WESTWOOD Travis Hanshaw reflexively groaned as he climbed the four concrete stairs leading out of the boxing training facility in the basement of the Westwood Boys & Girls Club on Saturday afternoon.
If the week’s worth of sparring with former North American Boxing Federation titleholder Willie Nelson that has made Hanshaw sore helps him bring Aaron Quattrocchi pain in a World Boxing Federation Super Middleweight world championship bout on June 29, “The Rattlesnake” will consider it well worth it.
“I’ve taken a lot of soreness because I’ve had to spar at such a high level every day,” Hanshaw said. “I’m getting older; I’m getting more focused. That’s the thing about sparring Willie, he’s an animal. You have to stay focused the whole time. I’ve had almost 200 fights, so I break concentration sometimes, and sparring Willie, you can’t break concentration. You have to stay focused the whole time.”
Hanshaw traveled to Youngstown, Ohio, last week to spar for a couple of days with Nelson, a 32-year-old fighter from Cleveland who sports a 26-3-1 record.
It was part of co-trainers Corky Salyer and Tom Hanshaw’s checklist to prepare Hanshaw for the title fight — finding a sparring opponent who was “gonna beat him like he’s never been beat before,” Tom said.
Nelson may not be as well-known to the general public as the outlaw country musician with whom he shares a name, but “everybody that follows boxing, when you mention that name, they know exactly who you’re talking about,” said Tom Hanshaw.
So the Hanshaw camp was overjoyed when, after last week’s sessions, Nelson decided to come to Westwood for a week’s more work with Travis Hanshaw.
And more so when Hanshaw began to hold his own.
“I need for Travis not to be able to be the aggressor all the time. And when he first started sparring Willie, Willie pushed him backwards,” Salyer said. “As of (Friday) night, you could see it turn around. Travis was able to push him backwards.”
Nelson competes at 154 pounds in the Junior Middleweight class, while Hanshaw is fighting at 168 pounds as a Super Middleweight. But Nelson’s speed, height and ranginess are similar to those of Quattrocchi, Hanshaw said.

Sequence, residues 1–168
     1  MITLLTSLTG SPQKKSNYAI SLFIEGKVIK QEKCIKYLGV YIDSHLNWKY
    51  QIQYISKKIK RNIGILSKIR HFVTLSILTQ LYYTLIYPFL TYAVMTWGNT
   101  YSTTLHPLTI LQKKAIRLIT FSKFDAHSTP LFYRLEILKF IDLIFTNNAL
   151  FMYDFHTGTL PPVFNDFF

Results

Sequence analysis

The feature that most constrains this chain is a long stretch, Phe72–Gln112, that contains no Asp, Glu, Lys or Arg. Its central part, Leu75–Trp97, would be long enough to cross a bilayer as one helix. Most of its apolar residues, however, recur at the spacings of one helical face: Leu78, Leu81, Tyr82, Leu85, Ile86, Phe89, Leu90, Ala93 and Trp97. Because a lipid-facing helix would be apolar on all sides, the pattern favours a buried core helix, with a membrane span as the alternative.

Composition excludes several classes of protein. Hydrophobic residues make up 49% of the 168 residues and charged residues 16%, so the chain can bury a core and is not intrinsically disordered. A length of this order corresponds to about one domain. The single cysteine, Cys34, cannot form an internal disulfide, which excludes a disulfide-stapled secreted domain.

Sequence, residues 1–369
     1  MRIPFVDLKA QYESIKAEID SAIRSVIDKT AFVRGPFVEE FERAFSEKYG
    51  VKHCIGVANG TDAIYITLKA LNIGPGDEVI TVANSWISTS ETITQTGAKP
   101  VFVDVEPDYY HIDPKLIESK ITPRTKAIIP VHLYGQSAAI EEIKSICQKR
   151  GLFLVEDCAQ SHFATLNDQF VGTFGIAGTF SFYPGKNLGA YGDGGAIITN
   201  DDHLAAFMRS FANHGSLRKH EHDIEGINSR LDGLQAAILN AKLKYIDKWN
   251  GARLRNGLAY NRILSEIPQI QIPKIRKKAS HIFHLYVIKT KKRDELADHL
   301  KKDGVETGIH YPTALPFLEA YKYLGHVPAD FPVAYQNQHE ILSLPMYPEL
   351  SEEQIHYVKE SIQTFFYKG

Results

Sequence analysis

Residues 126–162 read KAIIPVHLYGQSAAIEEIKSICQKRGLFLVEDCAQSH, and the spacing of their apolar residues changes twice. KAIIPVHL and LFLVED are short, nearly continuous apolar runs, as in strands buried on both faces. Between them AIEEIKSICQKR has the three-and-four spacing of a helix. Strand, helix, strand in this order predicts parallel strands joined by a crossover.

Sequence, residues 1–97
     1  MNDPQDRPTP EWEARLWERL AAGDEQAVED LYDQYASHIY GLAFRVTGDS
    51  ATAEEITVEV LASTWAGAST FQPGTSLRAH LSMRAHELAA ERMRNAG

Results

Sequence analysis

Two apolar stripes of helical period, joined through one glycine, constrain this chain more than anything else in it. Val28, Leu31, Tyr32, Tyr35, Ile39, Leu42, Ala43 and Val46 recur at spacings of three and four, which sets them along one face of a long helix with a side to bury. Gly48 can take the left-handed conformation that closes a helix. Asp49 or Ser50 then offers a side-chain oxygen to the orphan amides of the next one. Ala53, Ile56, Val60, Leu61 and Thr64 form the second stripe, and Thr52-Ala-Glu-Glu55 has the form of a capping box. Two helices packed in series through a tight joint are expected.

Hanshaw also has sought out-of-town sparring partners he isn’t familiar with in search of regaining a killer instinct he has found difficult to display against local fighters he knows.
“Even as an amateur, I was always known as a knockout puncher, and it kinda just faded away there for a little bit,” Hanshaw said, “and we determined after watching our training tapes and seeing me not going hard in sparring is what caused it. You practice like you fight, so we’ve been bringing in people that’s gonna take my head off.”
Hanshaw found that in Nelson.
“Him coming down to Youngstown, I wanted to prove a point that this is my gym. Ain’t nobody comes into my gym and beats me,” Nelson said. “Same thing coming here. He’s gotta prove a point, like, this is my gym, ain’t nobody comes to my gym and beats me. I have to prove that I’m that good, I’m gonna walk in your gym and beat you. So we’ve just been going at it, going to war, trading shots, going blow for blow, and pushing each other to our limits.”
That may sound acrimonious, but Hanshaw’s connections speak glowingly of Nelson. That’s in large part because Nelson has gone out of his way to tutor Hanshaw in how to patch the holes in his approach.
“The thing everybody questions, is Travis going to the next level?” Nelson said. “He’s ready for it, he’s just gotta tighten up some things. I’m just happy to help him out.”
The sparring was beneficial for Nelson, too. He has a fight scheduled with Ramses Agaton on June 21 in Elkins, West Virginia.
“Most champions won’t give you time or they won’t help anybody on their way up,” Salyer said, “but (Nelson) was looking for somebody that would stay in the ring with him and not turn and run away after the second round. Travis gave him that type of adversarial combatant mentality, so he stayed in there and dished out as much as he got. It’s been a really evened-up sparring session.”
Hanshaw proclaimed himself in “great shape.” Three fights ago, he weighed 225 pounds. He is down to 168, dropping from the Light Heavyweight class in the interest of getting a shot at a world title more quickly at Super Middleweight.
“Six months ago, I was training for Germany,” Hanshaw said of a potential Light Heavyweight world title fight there before his opponent vacated his belt. “I had that in my mind, and then when he vacated, it killed me. I was like, ‘What do I need to do to fight for the world title? I did everything you all have asked.’